Colvin, 204 F. Supp. 3d 497, 507 (W.D.N.Y. 2016) (noting that the ALJ’s rejection of the
treating physician’s opinion created a “significant and obvious gap in the evidentiary record”
Martin advances another argument that she believes requires reversal of the Commissioner’s decision. ECF
No. 9-1, at 10-14. However, because the Court disposes of this matter based on the ALJ’s failure to develop the
record, that argument need not be reached.
because “the record contained no competent medical opinion regarding Plaintiff’s RFC during
the relevant time period”) (emphasis in original).
Because the ALJ rejected Dr. Finkbeiner’s opinion, the record lacks any medical opinion
as to Martin’s physical ability to engage in work at any exertional level on a regular and
continuous basis in an ordinary work setting. There is no medical opinion regarding her capacity
to sit, stand, walk, or lift, which are necessary activities for sedentary work. See 20 C.F.R. §§
404.1567(a), 416.967(a). Yet the ALJ, who is not a medical professional, somehow determined
that Martin could perform sedentary work with specific additional limitations. Tr. 15; see
Schmidt v. Sullivan, 914 F.2d 117, 118 (7th Cir. 1990) (“[J]udges, including administrative law
judges of the [SSA], must be careful not to succumb to the temptation to play doctor.”).
Although the Commissioner argues that there was no error because “the ALJ relied on the
totality of the evidence to assess Plaintiff’s RFC,” ECF No. 10-1, at 22-25, it is well-settled that
“[a]n ALJ is not qualified to assess a claimant’s RFC on the basis of bare medical findings, and
as a result an ALJ’s determination of RFC without a medical advisor’s assessment is not
supported by substantial evidence.” Wilson v. Colvin, No. 13-CV-6286P, 2015 WL 1003933, at
*21 (W.D.N.Y. Mar. 6, 2015) (citation omitted). Thus, even though the Commissioner is
empowered to make the RFC determination, “[w]here the medical findings in the record merely
diagnose [the] claimant’s exertional impairments and do not relate those diagnoses to specific
residual functional capabilities,” the general rule is that the Commissioner “may not make the
connection himself.” Id. (citation omitted). Depending on the circumstances, like when the
medical evidence shows only minor physical impairments, “an ALJ permissibly can render a
common sense judgment about functional capacity even without a physician’s assessment.” Id.
Here, the ALJ was not permitted to render a common sense judgment about Martin’s
functional capacity because the treatment notes that the ALJ relied on contain complex medical
findings (see, e.g., Tr. 321-22, 325, 342-43, 345-46, 351-52, 355-64, 388-91, 400, 402-04, 419)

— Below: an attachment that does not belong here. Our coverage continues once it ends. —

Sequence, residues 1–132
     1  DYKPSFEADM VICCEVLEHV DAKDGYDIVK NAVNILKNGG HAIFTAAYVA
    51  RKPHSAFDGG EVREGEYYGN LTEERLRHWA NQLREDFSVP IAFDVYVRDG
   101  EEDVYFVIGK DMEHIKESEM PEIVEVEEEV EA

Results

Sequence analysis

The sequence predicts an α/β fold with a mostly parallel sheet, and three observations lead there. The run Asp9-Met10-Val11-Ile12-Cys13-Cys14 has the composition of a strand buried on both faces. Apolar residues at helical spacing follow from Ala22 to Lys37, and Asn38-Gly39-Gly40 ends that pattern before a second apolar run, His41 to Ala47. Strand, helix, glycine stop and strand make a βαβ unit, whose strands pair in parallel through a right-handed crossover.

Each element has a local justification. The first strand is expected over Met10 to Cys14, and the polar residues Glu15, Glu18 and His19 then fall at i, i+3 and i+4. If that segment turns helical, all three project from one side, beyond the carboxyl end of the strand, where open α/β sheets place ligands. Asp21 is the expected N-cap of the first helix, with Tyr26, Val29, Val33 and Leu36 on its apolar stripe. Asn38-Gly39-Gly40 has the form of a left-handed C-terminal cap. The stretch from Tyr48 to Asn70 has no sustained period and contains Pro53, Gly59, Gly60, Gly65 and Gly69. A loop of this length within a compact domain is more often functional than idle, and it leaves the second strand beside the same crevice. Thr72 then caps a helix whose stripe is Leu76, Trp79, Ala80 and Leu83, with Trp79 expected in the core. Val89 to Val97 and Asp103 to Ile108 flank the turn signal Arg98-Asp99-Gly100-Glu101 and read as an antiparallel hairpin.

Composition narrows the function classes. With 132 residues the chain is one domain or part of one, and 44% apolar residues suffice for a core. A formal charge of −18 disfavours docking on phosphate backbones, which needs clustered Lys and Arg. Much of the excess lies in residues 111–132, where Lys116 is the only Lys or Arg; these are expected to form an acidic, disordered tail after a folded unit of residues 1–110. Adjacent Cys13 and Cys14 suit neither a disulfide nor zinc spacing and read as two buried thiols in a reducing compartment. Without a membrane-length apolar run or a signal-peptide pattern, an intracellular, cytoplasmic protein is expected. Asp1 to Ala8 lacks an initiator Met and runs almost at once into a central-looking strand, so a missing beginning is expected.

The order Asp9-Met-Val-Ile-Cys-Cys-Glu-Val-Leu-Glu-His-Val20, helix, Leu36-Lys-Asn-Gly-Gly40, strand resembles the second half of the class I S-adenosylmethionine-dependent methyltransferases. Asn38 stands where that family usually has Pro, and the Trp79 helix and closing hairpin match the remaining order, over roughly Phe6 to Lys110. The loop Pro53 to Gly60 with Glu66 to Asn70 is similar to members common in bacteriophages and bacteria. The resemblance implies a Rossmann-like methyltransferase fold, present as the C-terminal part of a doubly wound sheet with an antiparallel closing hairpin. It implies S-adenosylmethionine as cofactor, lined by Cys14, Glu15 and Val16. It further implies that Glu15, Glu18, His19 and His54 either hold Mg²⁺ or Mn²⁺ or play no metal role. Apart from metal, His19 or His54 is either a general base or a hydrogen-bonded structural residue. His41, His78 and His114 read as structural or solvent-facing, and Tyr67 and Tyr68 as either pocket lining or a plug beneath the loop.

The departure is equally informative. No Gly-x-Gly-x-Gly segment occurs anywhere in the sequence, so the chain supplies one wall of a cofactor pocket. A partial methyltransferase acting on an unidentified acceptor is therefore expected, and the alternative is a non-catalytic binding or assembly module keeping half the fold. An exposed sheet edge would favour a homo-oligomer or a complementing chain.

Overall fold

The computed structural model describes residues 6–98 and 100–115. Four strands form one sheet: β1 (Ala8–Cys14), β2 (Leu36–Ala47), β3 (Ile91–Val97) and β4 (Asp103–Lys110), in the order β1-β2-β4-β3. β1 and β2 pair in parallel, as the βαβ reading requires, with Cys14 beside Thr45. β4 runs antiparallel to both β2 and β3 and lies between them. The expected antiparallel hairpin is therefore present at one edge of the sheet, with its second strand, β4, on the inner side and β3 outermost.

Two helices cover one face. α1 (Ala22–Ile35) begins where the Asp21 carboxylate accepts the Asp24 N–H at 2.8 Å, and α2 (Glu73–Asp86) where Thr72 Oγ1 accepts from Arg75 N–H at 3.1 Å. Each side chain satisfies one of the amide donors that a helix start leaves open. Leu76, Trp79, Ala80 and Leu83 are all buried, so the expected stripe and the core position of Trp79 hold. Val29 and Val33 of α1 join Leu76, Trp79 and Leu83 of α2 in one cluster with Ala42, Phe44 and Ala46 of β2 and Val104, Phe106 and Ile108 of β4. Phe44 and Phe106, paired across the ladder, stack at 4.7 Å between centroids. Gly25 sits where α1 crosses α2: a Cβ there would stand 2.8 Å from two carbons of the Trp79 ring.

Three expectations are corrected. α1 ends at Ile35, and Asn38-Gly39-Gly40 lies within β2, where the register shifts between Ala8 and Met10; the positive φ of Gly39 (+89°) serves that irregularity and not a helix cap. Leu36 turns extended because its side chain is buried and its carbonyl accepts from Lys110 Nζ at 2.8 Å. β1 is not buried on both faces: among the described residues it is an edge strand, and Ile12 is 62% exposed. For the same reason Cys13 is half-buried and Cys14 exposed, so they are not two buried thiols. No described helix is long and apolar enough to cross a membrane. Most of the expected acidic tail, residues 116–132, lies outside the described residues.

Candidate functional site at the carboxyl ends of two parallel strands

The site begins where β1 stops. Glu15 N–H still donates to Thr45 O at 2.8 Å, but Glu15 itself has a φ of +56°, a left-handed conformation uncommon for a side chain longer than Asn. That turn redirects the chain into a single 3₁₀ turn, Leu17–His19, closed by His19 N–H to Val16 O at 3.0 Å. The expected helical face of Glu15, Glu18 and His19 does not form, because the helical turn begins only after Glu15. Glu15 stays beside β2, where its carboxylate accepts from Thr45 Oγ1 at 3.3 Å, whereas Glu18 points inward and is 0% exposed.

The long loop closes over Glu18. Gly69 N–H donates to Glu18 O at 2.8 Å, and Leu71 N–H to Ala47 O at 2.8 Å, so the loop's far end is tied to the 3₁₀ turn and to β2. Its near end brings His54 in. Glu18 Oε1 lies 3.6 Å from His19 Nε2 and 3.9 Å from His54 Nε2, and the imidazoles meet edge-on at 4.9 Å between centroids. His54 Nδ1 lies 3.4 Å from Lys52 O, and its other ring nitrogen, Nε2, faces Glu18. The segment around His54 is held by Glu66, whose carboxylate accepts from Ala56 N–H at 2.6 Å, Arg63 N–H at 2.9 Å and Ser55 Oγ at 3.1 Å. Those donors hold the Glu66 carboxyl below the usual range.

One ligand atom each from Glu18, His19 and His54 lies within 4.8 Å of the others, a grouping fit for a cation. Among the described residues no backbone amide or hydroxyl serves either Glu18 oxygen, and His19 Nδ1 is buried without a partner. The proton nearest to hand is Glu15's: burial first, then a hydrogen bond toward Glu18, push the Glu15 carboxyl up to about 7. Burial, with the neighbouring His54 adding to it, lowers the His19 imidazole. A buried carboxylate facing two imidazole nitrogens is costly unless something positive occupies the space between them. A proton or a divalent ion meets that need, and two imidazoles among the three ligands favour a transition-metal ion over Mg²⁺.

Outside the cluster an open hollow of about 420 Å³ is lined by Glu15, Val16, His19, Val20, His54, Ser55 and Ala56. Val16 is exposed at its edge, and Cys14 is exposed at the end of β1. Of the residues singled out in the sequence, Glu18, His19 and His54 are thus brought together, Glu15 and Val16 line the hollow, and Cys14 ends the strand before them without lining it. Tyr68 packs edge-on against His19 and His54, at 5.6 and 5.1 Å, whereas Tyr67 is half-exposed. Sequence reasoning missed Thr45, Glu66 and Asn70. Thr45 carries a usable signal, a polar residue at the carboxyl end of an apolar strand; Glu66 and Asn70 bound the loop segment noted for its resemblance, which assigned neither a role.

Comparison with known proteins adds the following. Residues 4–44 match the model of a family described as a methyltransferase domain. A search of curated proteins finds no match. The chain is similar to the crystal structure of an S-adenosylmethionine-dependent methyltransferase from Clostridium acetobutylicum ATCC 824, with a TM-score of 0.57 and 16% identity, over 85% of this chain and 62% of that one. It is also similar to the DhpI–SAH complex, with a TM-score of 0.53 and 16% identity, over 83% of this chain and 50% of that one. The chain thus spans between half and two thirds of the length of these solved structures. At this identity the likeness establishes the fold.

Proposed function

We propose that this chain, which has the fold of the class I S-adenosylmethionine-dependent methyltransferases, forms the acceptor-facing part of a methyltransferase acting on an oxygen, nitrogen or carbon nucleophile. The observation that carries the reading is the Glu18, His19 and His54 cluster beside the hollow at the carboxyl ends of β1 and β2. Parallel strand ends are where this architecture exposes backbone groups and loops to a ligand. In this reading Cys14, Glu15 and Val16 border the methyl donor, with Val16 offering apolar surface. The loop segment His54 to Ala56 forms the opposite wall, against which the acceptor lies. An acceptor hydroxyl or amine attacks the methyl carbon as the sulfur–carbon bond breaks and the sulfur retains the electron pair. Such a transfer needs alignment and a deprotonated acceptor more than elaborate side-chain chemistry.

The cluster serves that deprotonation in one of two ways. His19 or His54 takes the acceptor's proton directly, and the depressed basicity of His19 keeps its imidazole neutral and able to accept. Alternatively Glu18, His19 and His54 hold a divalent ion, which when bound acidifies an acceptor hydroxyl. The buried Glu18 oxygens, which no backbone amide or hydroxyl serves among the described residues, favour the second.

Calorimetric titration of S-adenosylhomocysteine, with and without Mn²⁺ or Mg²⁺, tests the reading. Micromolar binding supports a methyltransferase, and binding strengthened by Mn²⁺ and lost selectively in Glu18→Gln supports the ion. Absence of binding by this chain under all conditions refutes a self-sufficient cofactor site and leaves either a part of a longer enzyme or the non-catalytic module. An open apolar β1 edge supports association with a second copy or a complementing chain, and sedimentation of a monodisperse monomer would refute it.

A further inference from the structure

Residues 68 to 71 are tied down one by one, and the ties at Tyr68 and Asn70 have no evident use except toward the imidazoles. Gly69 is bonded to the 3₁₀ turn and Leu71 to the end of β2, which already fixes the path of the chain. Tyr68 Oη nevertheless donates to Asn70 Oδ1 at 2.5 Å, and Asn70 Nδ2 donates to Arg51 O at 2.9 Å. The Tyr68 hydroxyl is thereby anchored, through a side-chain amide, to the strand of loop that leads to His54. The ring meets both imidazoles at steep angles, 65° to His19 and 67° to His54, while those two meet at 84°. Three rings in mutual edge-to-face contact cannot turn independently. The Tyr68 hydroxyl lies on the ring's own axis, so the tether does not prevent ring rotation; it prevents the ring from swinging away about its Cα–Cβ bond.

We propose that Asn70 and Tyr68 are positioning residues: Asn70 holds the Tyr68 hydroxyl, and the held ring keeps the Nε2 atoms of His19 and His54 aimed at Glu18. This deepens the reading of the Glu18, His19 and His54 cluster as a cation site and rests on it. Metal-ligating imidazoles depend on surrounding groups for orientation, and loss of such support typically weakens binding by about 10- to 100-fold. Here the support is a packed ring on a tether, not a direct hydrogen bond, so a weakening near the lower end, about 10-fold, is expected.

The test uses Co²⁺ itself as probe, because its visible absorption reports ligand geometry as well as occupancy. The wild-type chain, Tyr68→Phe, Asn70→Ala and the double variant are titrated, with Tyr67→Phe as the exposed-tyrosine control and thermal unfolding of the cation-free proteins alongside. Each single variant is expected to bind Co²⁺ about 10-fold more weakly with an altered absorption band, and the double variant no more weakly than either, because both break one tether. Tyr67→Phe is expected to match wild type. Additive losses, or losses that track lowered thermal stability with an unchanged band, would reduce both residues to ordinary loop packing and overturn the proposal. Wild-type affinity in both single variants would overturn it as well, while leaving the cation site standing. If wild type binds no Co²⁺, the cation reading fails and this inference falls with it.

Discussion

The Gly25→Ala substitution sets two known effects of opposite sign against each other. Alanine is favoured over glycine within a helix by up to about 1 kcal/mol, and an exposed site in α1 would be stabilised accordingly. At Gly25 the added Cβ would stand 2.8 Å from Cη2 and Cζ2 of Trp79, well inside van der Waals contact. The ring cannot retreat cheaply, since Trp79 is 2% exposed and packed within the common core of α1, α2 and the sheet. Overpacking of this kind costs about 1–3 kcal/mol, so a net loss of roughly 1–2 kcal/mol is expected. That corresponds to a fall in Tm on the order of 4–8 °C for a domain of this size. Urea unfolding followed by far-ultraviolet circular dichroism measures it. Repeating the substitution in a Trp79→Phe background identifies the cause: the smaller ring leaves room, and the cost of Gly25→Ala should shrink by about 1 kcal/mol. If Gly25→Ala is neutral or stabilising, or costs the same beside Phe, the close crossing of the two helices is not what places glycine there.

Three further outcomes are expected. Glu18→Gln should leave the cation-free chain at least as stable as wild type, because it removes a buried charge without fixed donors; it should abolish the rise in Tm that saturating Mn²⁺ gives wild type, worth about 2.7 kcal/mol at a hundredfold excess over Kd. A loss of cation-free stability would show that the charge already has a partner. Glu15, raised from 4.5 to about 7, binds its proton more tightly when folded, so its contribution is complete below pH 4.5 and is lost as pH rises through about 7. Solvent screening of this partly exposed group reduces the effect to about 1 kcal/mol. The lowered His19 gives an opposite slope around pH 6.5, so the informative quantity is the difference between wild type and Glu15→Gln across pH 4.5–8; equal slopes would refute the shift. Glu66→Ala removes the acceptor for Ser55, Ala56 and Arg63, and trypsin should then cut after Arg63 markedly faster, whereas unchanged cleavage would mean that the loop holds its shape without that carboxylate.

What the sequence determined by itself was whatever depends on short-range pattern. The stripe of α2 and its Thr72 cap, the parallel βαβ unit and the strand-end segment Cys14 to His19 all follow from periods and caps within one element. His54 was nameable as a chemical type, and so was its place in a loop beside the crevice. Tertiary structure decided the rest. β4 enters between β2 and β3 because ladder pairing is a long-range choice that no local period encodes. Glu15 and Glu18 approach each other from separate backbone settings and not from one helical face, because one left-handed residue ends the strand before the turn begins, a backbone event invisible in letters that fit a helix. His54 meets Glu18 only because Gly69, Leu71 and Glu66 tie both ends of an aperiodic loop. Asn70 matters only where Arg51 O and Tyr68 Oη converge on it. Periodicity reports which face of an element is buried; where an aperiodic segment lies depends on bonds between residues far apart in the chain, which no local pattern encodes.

and the ALJ found that Martin had two severe physical impairments (i.e. left knee osteoarthritis
and left hip bursitis). See, e.g., Palascak v. Colvin, No. 1:11-CV-0592 (MAT), 2014 WL
1920510, at *9 (W.D.N.Y. May 14, 2014) (“Given Plaintiff’s multiple physical and mental
impairments, this is not a case where the medical evidence shows ‘relatively little physical
impairment’ such that the ALJ ‘can render a common sense judgment about functional
capacity.’”) (citation omitted).
Moreover, the Court is not persuaded by the Commissioner’s argument that Martin’s
counsel should have submitted additional evidence to complete the record. ECF No. 10-1, at 2324. First, it is well-established that the ALJ’s affirmative duty to develop the record exists even
when the claimant is represented by counsel. Pratts, 94 F.3d at 37. Second, Martin submitted
Dr. Finkbeiner’s medical opinion, but the ALJ rejected that opinion and then improperly based
his RFC determination solely on bare medical evidence. There were many avenues available to
the ALJ to fill the gap in the record: he could have requested additional information from Dr.
Finkbeiner, obtained a consultative examination, or sought a medical expert opinion. Covey, 204
F. Supp. 3d at 507 (citation omitted). On remand, the Commissioner should employ whichever
of these methods are appropriate to fully develop the record as to Martin’s RFC.
Plaintiff’s Motion for Judgment on the Pleadings (ECF No. 9) is GRANTED, the
Commissioner’s Motion for Judgment on the Pleadings (ECF No. 10) is DENIED, and this
matter is REMANDED to the Commissioner for further administrative proceedings consistent
with this opinion, pursuant to sentence four of 42 U.S.C. § 405(g). See Curry v. Apfel, 209 F.3d
117, 124 (2d Cir. 2000); 42 U.S.C. § 1383(c)(3). The Clerk of Court is directed to enter
judgment and close this case.
IT IS SO ORDERED.
Dated: April 7, 2017
Rochester, New York
HON. FRANK P. GERACI, JR.
United States District Court